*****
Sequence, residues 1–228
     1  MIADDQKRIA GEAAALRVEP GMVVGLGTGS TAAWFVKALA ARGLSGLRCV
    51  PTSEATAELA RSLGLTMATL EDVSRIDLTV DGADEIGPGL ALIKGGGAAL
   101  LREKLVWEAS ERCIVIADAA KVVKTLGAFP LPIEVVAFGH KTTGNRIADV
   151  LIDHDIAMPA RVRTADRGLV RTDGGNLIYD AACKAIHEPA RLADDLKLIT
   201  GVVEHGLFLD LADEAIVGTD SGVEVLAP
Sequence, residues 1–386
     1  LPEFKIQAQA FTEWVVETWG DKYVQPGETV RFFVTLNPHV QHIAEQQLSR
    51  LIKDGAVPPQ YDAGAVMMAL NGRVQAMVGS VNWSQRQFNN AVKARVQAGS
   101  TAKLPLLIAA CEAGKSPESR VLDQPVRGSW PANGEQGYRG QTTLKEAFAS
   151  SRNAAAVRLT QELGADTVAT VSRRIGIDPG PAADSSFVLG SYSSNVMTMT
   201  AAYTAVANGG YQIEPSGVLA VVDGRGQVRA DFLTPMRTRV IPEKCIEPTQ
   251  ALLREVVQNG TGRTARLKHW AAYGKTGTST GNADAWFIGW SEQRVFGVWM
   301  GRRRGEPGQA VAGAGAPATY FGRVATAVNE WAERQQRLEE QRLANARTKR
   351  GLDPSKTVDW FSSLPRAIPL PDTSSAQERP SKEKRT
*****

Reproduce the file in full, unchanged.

Sequence, residues 1–228
     1  MIADDQKRIA GEAAALRVEP GMVVGLGTGS TAAWFVKALA ARGLSGLRCV
    51  PTSEATAELA RSLGLTMATL EDVSRIDLTV DGADEIGPGL ALIKGGGAAL
   101  LREKLVWEAS ERCIVIADAA KVVKTLGAFP LPIEVVAFGH KTTGNRIADV
   151  LIDHDIAMPA RVRTADRGLV RTDGGNLIYD AACKAIHEPA RLADDLKLIT
   201  GVVEHGLFLD LADEAIVGTD SGVEVLAP
Sequence, residues 1–386
     1  LPEFKIQAQA FTEWVVETWG DKYVQPGETV RFFVTLNPHV QHIAEQQLSR
    51  LIKDGAVPPQ YDAGAVMMAL NGRVQAMVGS VNWSQRQFNN AVKARVQAGS
   101  TAKLPLLIAA CEAGKSPESR VLDQPVRGSW PANGEQGYRG QTTLKEAFAS
   151  SRNAAAVRLT QELGADTVAT VSRRIGIDPG PAADSSFVLG SYSSNVMTMT
   201  AAYTAVANGG YQIEPSGVLA VVDGRGQVRA DFLTPMRTRV IPEKCIEPTQ
   251  ALLREVVQNG TGRTARLKHW AAYGKTGTST GNADAWFIGW SEQRVFGVWM
   301  GRRRGEPGQA VAGAGAPATY FGRVATAVNE WAERQQRLEE QRLANARTKR
   351  GLDPSKTVDW FSSLPRAIPL PDTSSAQERP SKEKRT